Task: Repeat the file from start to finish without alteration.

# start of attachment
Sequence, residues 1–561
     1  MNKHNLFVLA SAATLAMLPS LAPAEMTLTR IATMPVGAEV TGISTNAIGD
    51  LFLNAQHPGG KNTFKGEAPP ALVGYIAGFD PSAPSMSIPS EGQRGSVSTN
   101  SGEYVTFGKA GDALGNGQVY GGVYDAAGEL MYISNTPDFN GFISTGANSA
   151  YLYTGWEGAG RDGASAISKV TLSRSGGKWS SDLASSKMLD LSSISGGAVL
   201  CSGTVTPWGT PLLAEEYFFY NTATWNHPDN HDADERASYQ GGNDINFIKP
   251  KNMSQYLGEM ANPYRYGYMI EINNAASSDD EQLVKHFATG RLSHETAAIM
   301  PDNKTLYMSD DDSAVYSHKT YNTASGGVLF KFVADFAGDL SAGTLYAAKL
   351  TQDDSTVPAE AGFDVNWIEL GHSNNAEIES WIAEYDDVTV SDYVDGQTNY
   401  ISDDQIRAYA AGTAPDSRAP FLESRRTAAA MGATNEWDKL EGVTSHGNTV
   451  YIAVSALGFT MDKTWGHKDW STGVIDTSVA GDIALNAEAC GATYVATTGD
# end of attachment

Sequence, residues 1–561
     1  MNKHNLFVLA SAATLAMLPS LAPAEMTLTR IATMPVGAEV TGISTNAIGD
    51  LFLNAQHPGG KNTFKGEAPP ALVGYIAGFD PSAPSMSIPS EGQRGSVSTN
   101  SGEYVTFGKA GDALGNGQVY GGVYDAAGEL MYISNTPDFN GFISTGANSA
   151  YLYTGWEGAG RDGASAISKV TLSRSGGKWS SDLASSKMLD LSSISGGAVL
   201  CSGTVTPWGT PLLAEEYFFY NTATWNHPDN HDADERASYQ GGNDINFIKP
   251  KNMSQYLGEM ANPYRYGYMI EINNAASSDD EQLVKHFATG RLSHETAAIM
   301  PDNKTLYMSD DDSAVYSHKT YNTASGGVLF KFVADFAGDL SAGTLYAAKL
   351  TQDDSTVPAE AGFDVNWIEL GHSNNAEIES WIAEYDDVTV SDYVDGQTNY
   401  ISDDQIRAYA AGTAPDSRAP FLESRRTAAA MGATNEWDKL EGVTSHGNTV
   451  YIAVSALGFT MDKTWGHKDW STGVIDTSVA GDIALNAEAC GATYVATTGD